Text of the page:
Australian weather conditions can be quite extreme, especially when it comes to summer time and the dry heat that can be the catalyst for large bushfires. It has become such a science that government and councils have outlined certain areas as ‘bushfire prone’.

What is it that classifies an area as ‘bushfire prone’?

The NCC defines a designated bushfire prone area as land which has been designated under a power of legislation as being subject, or likely to be subject, to bushfires. As a consequence, the process for identifying bushfire prone areas is a matter for each individual state and territory regulator, and while it differs from state to state, it usually involves an approach to the relevant council or reference to a land mapping facility provided by the respective state regulator or agency1.

Because of the risk of bushfires in these areas, the Performance Requirement P2.3.4 of Volume Two (Class 1 and 10 Buildings) of the National Construction Code (NCC) requires a Class 1 building (house) or a Class 10a building (non-habitable) be designed and constructed in a way that reduces the risk of ignition from a bushfire. The ignition could come from burning embers, radiant heat or direct flame generated by a bushfire.

While there have been many advancements in the treatment of timber for use in bushfire prone areas, there is another building material that is being readily used throughout the industry that is perfect for bushfire prone areas – steel.

Your roof, walls, base and frame are all part of a system that will be designed to reduce the risk of ignition and not to provide fuel for the fire.

Being non-combustible and highly resistant to fire, steel is much superior to traditional materials and will not fuel the flames. This attribute makes steel the ideal material for building in bushfire prone regions. Additionally, steel will not release smoke, carbon dioxide or VOCs (Volatile Organic Compound), unlike wood in the event of a fire. This has been confirmed by the Steel Framing Alliance and also recognised by Healthy Home Institute as an important advantage of steel over timber. Traditional materials, when burnt, release asphyxiating gases that are the main contributors to death in house fires2.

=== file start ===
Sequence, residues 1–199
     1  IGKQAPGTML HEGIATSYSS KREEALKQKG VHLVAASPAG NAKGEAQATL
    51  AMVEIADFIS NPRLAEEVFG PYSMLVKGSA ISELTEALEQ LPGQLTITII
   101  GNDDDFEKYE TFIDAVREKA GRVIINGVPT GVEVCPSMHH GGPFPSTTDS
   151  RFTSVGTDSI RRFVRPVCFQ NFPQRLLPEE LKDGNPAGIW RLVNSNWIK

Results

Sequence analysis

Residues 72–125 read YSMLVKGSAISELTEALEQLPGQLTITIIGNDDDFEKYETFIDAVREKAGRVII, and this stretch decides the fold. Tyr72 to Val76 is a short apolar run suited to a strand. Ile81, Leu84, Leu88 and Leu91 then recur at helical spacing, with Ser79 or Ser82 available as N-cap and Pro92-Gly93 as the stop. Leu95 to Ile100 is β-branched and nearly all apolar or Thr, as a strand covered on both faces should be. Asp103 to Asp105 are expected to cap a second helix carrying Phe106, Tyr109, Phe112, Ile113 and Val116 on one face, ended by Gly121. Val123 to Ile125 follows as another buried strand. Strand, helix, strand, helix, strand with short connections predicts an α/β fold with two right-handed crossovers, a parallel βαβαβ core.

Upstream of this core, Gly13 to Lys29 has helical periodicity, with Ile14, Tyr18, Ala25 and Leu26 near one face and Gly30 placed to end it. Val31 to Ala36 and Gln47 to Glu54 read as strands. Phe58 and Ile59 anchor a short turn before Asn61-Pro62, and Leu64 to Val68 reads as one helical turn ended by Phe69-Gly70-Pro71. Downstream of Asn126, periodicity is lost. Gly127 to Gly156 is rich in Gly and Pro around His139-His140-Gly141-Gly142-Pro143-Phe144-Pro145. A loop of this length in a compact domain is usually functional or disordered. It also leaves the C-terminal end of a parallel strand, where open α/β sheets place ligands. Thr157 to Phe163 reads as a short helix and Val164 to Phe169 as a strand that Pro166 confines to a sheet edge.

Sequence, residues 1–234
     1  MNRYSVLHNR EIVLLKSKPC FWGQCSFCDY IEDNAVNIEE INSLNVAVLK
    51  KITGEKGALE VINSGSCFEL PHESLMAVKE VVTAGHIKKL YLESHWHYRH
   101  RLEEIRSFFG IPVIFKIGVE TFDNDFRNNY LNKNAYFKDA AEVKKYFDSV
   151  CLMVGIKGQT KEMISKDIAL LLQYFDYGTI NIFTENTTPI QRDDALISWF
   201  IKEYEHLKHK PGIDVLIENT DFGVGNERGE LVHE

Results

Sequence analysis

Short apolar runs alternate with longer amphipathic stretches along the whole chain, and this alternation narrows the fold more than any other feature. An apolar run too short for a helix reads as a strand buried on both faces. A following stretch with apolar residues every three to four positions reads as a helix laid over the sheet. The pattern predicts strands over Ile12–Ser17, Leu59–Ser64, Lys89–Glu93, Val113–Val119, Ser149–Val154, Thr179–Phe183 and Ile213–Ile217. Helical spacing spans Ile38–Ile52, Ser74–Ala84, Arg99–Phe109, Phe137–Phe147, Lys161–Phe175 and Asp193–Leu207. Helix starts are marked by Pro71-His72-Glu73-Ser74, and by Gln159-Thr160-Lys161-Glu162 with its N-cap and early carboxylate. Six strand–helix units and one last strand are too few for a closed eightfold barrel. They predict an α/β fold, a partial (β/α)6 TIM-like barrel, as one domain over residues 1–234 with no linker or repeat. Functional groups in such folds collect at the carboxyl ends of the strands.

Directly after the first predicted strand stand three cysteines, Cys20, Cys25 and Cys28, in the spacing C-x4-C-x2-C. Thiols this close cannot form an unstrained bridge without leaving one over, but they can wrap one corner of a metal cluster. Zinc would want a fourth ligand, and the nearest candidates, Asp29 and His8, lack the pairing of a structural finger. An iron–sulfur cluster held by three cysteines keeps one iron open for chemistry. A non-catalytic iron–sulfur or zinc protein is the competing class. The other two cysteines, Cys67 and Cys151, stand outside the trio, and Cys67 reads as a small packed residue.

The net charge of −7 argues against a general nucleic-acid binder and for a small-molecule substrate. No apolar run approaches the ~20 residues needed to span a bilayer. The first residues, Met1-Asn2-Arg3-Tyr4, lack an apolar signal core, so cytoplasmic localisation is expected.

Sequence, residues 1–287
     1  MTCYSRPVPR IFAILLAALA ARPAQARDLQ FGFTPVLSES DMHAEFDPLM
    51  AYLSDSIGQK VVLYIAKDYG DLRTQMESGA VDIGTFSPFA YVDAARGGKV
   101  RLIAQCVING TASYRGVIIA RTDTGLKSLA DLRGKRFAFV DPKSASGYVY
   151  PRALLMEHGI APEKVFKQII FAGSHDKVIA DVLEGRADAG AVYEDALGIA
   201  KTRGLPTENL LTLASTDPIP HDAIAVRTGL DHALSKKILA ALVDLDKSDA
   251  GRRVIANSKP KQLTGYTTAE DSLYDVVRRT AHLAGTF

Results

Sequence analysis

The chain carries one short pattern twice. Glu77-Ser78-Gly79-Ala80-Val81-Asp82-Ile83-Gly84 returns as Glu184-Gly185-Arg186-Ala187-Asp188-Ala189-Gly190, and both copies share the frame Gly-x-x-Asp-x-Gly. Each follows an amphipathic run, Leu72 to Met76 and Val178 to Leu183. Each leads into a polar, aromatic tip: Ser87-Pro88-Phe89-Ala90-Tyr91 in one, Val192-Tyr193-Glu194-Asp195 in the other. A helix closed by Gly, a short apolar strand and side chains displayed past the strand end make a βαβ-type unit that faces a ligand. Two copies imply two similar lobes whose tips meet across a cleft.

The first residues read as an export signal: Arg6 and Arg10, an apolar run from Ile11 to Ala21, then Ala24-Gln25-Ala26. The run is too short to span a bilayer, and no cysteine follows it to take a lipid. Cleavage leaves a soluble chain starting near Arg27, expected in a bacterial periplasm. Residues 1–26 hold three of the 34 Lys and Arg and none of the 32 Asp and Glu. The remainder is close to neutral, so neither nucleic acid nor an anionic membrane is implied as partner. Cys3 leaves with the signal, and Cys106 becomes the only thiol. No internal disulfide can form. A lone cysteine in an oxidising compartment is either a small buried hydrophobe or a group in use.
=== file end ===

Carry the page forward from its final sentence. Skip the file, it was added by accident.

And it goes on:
Therefore, not only does steel reduce the risk of ignition during a bushfire, it also does not release any noxious gases that greatly contribute to house fire deaths.

Therefore, if you are a certified builder working in bushfire prone areas, or are an owner builder, Stronghold Fabrications can help you with your steel frame needs. Please feel free to contact us on 02 9791 1886, or you can fill out our Online Enquiry Form, and we will get back to you as soon as possible.

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What our Customers say

“Frantom Building has been in the custom building market in NSW for 15 years. We have worked with Scott and his team from Stronghold Fabrications in all aspects with steel, from design, shop drawings, and delivery. Their attention to detail has been proven in the perfection of the finish in their products and servicing ability. We look forward to moving into the future with Stronghold Fabrications.”

Ed Poulton Director Frantom Building Pty Ltd

“Just wanted to thank you for another awesome job. The steel you supplied for our home at Lilli Pilli went together perfectly and the 3D model was a great tool for us to use both during the install and for planning the final finishes on the project. Keep up the great work!”

Dave, Nitro Stainless Pty Ltd

“Thank you for another successful and efficient project completed by your team. Consistently well produced steel products from Stronghold Fabrications have ensured installation always goes smoothly on our projects. Your installers ability to work in with our teams onsite to ensure any site issues do not cause delays is a refreshing change. Thank you.”

Nicholas Klapsogiannis, General Manager, VantageCorp Pty Ltd